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About the Story
A sequel to Threediopolis. It has teleporters!
Entrant, Back Garden - Spring Thing 2016
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Number of Reviews: 2
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This Andrew Schultz game builds and expands on one of my favorite Schultz games, Threediopolis. If you haven't played that game, you should try it out first, as this game contains spoilers for the basic concept of that game.
If you have played threediopolis, (Spoiler - click to show)this is the same sort of game, except some chess-like moves have been added, h,i,j,k. Each of these teleports you 2 spaces away in each direction. For instance, h teleports you n,e, and u, while i teleports you w,s, and u.
This makes the game more difficult. I found it helpful to read some of the documentation on the spring thing website, which will most likely be included on IFDB afterwards. It gives a helpful list of the results of 2- and 3- letter combinations, like hi.
My rating of this game is certainly subjective. The puzzles appeal to me as a mathematician because I love the interplay between freedom and constraint. Emotionally, it draws you into an exploratory/puzzly/celebratory mood. The game is definitely polished, and I plan on playing again (it's a long game, and I've only played through part of it. It's the kind of game I feel I could return to frequently to play around with). I though of taking off one point due to the lack of descriptive text, but I realized that more text would make the game difficult and tedious. The scarcity of text is a necessary part of the design.
Like I said, this game will only appeal to a certain group of people, so I can't recommend it to everyone. But fans of crosswords, cryptograms, and codewords will enjoy this game.
I loved Threediopolis. It's inventive, I got a kick out of seeing all the interesting places I could go, and the difficulty was challenging yet fair. When I heard there was a sequel, I couldn't wait to jump in and see what kind of new mechanics were added.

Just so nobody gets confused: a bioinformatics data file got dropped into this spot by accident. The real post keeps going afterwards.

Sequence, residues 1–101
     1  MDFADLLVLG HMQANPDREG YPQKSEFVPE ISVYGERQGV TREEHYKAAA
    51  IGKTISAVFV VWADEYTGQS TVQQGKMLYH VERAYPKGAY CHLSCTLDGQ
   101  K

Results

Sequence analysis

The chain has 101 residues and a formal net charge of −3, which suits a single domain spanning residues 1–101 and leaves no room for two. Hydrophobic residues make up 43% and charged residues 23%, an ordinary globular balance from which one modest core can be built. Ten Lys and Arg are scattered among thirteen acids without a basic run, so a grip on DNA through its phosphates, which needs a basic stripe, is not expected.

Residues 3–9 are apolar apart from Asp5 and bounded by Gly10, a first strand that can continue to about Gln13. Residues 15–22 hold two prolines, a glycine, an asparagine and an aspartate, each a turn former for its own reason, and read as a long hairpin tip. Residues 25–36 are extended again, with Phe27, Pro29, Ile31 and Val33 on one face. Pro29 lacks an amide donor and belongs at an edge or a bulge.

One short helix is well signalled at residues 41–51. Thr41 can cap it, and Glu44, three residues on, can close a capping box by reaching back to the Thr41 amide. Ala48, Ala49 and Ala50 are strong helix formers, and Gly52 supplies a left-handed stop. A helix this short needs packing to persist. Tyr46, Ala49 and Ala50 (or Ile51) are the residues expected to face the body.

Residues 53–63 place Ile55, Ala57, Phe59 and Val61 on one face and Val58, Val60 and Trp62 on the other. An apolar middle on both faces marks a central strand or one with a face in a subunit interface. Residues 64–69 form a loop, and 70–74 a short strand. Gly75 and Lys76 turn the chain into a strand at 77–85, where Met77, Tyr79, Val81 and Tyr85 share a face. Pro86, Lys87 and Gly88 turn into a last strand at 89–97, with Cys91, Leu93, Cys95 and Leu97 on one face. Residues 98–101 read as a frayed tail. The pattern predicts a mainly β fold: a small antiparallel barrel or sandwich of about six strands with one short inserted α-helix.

Figuring out Fourdiopolis for the first time gave me much the same experience as Three. I tested my moves, tracked what they did, then found the letters I needed to use to get somewhere close. I (Spoiler - click to show)met Ike first, and after that, everything clicked.
I think I had a harder time finishing Three; not only because that game had more tasks before the first "ending" point, but the number jumping felt a bit more severe. Also, in Four, your completed tasks are listed in alphabetical order. This was a big help, since for every destination I chose, I had a good idea of which letters it could start with.
I love the different vibe of Four. Three had you traveling around a city to complete tasks for your employer. Meanwhile, this game's atmosphere is futuristic and throws you into a controlling society where you're witnessing rebellions and captures. Everything feels more oppressive and hostile. It's a big change of tone, but it sets the games apart pretty well.
I was kind of relieved Four ended when it did; while I was open to (Spoiler - click to show)completing 15 more tasks, I didn't want to do it immediately afterwards, having just solved similar puzzles for an hour straight. I might pick this one up again in the future to see if I can make it further, but now I really feel like replaying Three. If you liked the predecessor, check this one out. Otherwise, you should probably play Three first.
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